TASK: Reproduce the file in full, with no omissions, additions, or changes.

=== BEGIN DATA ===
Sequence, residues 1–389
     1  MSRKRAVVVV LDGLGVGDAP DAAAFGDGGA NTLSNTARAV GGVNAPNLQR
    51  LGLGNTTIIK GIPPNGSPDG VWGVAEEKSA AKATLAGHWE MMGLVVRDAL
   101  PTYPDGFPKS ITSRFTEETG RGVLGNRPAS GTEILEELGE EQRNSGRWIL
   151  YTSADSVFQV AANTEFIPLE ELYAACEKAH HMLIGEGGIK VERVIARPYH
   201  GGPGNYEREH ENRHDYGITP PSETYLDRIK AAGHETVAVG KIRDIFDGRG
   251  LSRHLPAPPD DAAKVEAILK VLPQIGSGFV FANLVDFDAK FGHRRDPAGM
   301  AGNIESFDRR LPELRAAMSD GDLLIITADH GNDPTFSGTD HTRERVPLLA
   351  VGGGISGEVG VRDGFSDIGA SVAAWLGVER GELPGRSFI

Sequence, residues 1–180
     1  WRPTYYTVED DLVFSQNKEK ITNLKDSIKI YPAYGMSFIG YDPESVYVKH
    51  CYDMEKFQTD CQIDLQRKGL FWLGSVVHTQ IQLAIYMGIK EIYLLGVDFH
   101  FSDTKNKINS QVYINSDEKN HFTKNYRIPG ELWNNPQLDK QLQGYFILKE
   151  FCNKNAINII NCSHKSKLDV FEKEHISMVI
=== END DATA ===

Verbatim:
Sequence, residues 1–389
     1  MSRKRAVVVV LDGLGVGDAP DAAAFGDGGA NTLSNTARAV GGVNAPNLQR
    51  LGLGNTTIIK GIPPNGSPDG VWGVAEEKSA AKATLAGHWE MMGLVVRDAL
   101  PTYPDGFPKS ITSRFTEETG RGVLGNRPAS GTEILEELGE EQRNSGRWIL
   151  YTSADSVFQV AANTEFIPLE ELYAACEKAH HMLIGEGGIK VERVIARPYH
   201  GGPGNYEREH ENRHDYGITP PSETYLDRIK AAGHETVAVG KIRDIFDGRG
   251  LSRHLPAPPD DAAKVEAILK VLPQIGSGFV FANLVDFDAK FGHRRDPAGM
   301  AGNIESFDRR LPELRAAMSD GDLLIITADH GNDPTFSGTD HTRERVPLLA
   351  VGGGISGEVG VRDGFSDIGA SVAAWLGVER GELPGRSFI

Sequence, residues 1–180
     1  WRPTYYTVED DLVFSQNKEK ITNLKDSIKI YPAYGMSFIG YDPESVYVKH
    51  CYDMEKFQTD CQIDLQRKGL FWLGSVVHTQ IQLAIYMGIK EIYLLGVDFH
   101  FSDTKNKINS QVYINSDEKN HFTKNYRIPG ELWNNPQLDK QLQGYFILKE
   151  FCNKNAINII NCSHKSKLDV FEKEHISMVI